Category Archives: GP

The GP is made up of 24 races in four general categories: Cross-country, Fell and Trail, Short Road or mixed-terrain, and, Long Road or mixed-terrain.

Each category comprises six races, and there are separate women’s and men’s competitions.

In each race the first Strider home gets 15 points, the second 14 points and so on. All Striders 15th and below get 1 point.

In the overall Grand Prix all 24 races count. In each category a runner’s best four from six count.

Race Key
See the fixtures page for details of individual events.

Coxhoe 10K Trail Run, Sunday, September 23, 2018

Grand Prix Race - click flag for current league tables. Sprint Champion Race - click flag for more information.

Coxhoe 10K Trail Race Group Photo - photo by Catherine Smith

Results
posbibNametimeGender
1207McKenzie James (Heaton Harriers)00:35:04M
342Callan Chris00:35:55M
4181Mason Michael00:36:44M
9122Watt Greame00:39:19M
10110Potts Bryan00:39:51M
1163Scott Stuart00:39:57M
1364Kirtley Barry00:40:22M
1762Anderson Michael00:40:49M
369Holcroft David00:44:38M
37103C. Anton Juan00:44:41M
43164Darby Lisa (Sedgefield Harriers)00:44:55F
46230Ray Phil00:45:23M
4719Barlow Michael00:45:24M
4915Basu Anna00:45:29F
50209Mitchell Dan00:45:34M
5193Jones Fiona00:45:47F
52220White Conrad00:45:59M
614Alfree Robert00:47:06M
62116Lumsdon David00:47:23M
7077Chaytor Trevor00:48:32M
78189Sabate Jordi00:49:59M
8044Carr Matthew00:50:07M
88117Connor Philip00:50:51M
9345Scott Alan00:51:05M
9639Foster Mark00:51:26M
97132Panke Jan00:51:28M
10870Mason Anna00:53:09F
113176Brown Alex00:53:33M
11984Ellis Stephen00:54:54M
12518Barlow Stephanie00:55:50F
131208Talbot Rebecca00:56:36F
13649Dixon Angela00:57:26F
13843Scott Aileen00:57:33F
140168Young Jan00:57:50F
144137Stephenson Lee00:58:06M
152111Glassey Danielle01:00:03F
159136Walker Sue01:01:38F
17047White Staney01:03:16M
175118Waugh Lynne01:03:57F
184195Dennis Sophia01:07:10F
18622Fisher Anne Marie01:07:47F
187105Pattison Sharon01:08:34F
18992Richardson Joanne01:09:28F
196140Lumsdon Lisa01:14:25F

Vale of York Half Marathon Results, Sunday, September 9, 2018

Grand Prix Race - click flag for current league tables. Endurance Champion Race - click flag for more information.

posbibnamecatcat poschip timegun time
1835Kev Jeffress (Sunderland Harriers & AC)M351/1521:11:481:11:49
3824Stephen JacksonM352/1521:12:001:12:00
32235Chris CallanM3511/1521:19:101:19:12
371012Sarah Lowery (Rotherham Harriers & AC)F351/1111:19:521:19:56
60712Georgie HebdonMSEN20/1931:22:431:22:48
16332Michael AndersonMSEN42/1931:30:031:30:09
379857Fiona JonesF4012/1411:40:311:40:57
429223Ian ButlerM5520/711:42:291:42:43
541948Nick LathamM4566/1561:46:551:47:20
587193David BrowbankM3582/1521:48:261:49:05
675957Marita Le Vaul-GrimwoodF4520/1091:51:231:53:10
719601Simon GrahamM3598/1521:53:121:54:34
7471764Vaughn WilliamsM35101/1521:54:451:55:54
81385Stephanie BarlowF4527/1091:57:261:57:53
8791017Stephen LumsdonM45120/1561:57:521:59:46
9671400Jill RudkinF4050/1412:01:152:02:57
11071621Mark TodmanM35134/1522:07:182:09:37
14421566Julie SwinbankF35100/1112:33:492:35:00

Vale of York Half Marathon, Sunday, September 9, 2018

Grand Prix Race - click flag for current league tables. Endurance Champion Race - click flag for more information.

Nick Latham

Vale of York Half Marathon was my first race at this distance back in 2015 and I loved the event, so wanted to pay it another visit. It’s based out of the aero club near Sherburn-in-Elmet (between Leeds and Selby), so it’s a bit of a drive to get to (about 1 hour 30 minutes from Durham), but not outrageous for a half marathon. I’d arranged to give a lift to David Browbank and Georgie Hebdon, partly to be a bit greener and partly to have company on the drive. It was a smooth journey down the A1 as one might expect for early on a Sunday morning, only punctuated by the seemingly never-ending road works in two places. Sherburn in Elmet is only 10 minutes or so off the A1, so really easy to get to.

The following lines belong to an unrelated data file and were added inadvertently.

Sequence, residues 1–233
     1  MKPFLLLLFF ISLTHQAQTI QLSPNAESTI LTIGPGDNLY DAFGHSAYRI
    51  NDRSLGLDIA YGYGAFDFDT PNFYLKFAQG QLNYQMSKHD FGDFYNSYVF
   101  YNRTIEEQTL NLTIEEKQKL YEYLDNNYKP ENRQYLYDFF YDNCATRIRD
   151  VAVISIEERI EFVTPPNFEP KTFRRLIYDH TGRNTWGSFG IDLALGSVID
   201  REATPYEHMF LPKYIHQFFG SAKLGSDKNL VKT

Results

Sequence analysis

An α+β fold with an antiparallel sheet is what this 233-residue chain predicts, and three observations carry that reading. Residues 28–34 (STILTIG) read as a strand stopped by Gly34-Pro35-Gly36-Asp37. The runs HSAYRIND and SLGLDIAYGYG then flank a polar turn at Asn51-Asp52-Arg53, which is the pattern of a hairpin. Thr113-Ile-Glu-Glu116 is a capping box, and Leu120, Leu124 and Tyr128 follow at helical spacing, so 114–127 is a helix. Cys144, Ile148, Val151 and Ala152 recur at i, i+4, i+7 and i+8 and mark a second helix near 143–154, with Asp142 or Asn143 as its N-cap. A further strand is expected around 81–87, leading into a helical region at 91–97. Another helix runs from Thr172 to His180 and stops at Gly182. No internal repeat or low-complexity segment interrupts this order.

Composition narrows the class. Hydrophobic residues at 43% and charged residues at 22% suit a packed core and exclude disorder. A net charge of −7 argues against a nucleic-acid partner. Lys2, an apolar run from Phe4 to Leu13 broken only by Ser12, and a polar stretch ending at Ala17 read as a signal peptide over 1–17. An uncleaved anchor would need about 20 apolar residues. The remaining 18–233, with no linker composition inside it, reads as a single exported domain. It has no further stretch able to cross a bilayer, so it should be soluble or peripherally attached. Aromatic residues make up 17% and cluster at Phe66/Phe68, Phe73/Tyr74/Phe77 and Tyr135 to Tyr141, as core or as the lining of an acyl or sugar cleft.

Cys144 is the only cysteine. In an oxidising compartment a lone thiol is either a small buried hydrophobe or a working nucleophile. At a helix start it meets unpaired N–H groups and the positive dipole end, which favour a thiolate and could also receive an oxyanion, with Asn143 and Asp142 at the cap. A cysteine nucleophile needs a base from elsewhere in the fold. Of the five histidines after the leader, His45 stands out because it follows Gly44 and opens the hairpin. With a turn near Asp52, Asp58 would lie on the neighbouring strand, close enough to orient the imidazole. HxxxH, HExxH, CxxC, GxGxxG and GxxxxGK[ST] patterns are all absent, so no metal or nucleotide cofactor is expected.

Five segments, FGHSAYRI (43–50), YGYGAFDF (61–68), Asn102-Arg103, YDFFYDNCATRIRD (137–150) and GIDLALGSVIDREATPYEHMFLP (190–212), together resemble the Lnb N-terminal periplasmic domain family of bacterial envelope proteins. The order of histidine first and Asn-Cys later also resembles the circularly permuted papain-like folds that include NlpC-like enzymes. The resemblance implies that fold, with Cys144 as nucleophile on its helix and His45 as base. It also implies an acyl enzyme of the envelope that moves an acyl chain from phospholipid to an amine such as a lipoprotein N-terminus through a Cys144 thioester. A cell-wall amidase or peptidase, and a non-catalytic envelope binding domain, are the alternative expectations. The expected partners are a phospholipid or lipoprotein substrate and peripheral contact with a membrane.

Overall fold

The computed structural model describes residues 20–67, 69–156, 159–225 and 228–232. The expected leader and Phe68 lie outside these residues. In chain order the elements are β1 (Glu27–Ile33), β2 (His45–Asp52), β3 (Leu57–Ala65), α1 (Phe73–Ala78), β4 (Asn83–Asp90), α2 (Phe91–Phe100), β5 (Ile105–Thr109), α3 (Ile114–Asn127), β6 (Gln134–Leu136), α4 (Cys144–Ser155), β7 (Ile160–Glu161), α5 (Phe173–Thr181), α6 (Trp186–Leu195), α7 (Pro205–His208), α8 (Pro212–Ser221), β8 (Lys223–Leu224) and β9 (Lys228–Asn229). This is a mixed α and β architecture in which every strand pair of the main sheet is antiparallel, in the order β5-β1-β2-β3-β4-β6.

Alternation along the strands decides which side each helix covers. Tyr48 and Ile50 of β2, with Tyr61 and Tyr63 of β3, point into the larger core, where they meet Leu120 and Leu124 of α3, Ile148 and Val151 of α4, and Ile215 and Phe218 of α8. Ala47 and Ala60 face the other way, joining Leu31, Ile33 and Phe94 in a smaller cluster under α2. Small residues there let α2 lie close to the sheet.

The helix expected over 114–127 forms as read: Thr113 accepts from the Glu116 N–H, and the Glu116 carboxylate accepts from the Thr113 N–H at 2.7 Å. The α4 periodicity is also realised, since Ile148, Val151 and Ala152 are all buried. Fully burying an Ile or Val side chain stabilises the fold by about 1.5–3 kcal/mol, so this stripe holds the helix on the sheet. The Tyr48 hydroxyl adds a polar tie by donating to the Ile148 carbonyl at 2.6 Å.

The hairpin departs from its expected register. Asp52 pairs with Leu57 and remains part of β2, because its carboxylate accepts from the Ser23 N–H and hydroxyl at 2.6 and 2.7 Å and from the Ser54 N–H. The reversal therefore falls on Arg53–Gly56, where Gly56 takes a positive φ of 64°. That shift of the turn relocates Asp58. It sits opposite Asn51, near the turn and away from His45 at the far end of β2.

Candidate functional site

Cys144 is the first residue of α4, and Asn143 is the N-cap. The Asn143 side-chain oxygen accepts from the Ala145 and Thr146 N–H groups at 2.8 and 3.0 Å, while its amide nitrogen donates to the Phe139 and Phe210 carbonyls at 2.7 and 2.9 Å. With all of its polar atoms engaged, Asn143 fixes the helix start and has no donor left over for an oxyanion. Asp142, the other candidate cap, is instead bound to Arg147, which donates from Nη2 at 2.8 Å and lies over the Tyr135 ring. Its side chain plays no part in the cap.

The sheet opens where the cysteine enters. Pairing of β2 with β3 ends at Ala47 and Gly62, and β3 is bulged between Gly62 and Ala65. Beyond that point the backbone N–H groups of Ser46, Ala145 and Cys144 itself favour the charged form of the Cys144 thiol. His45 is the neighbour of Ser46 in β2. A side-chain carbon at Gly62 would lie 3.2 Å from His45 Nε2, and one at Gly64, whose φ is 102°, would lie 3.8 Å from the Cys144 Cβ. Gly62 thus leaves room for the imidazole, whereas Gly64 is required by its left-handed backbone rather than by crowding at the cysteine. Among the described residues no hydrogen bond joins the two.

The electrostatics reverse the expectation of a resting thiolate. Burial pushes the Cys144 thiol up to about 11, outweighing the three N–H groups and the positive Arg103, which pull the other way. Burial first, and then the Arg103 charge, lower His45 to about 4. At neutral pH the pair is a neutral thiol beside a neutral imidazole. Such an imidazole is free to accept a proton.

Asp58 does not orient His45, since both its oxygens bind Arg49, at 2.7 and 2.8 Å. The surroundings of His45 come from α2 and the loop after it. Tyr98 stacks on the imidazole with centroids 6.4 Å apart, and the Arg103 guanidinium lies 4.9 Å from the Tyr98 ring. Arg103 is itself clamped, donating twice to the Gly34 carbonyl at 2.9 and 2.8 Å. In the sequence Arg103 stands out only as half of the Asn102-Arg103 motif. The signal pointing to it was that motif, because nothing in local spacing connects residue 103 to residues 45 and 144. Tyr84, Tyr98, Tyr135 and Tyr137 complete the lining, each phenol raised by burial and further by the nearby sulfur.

We knew that the road to the car park was also part of the race route and the access was being closed at 9am, so setting off at 6:40am to get there just after 8am seemed like enough contingency for any travel problems; it was plenty. As we arrived, we chuckled at the apparently over-zealous marshalling in the car park as we headed over to the portaloos and registration (in that order, got to get your priorities straight). We were early enough that both queues were limited and the loos were still in a decent state, so there was an added benefit to being early.

For some reason, the aero club seemed to be a centre for the local wasp population, so once the car park entrance was closed and the announcement went up to head over to the start we trotted over to shake them off and made use of the runway for the rest of our warm-up. Conditions were cloudy and reasonably mild (mid to high teens celsius) but breezy; looking back, we had much better overall conditions than the Great North Run competitors were “enjoying” that morning. The start was scheduled for 9:30am but was delayed for about 10 minutes for people arriving late at the start. After a couple of short announcements, we were off.

Main group
Photos © and courtesy John Ashton

The course was slightly modified for this year but started in a similar way to my previous experience – we went most of the length of the runway and looped back before following the aero club roads out onto the surrounding lanes. I set off at 8 minute mile pace as that was my plan and what I intended to hold for the first half of the race. Once I’d settled into my pace, I switched to keeping tabs on my heart rate, since I know from experience how best to manage my effort through the race.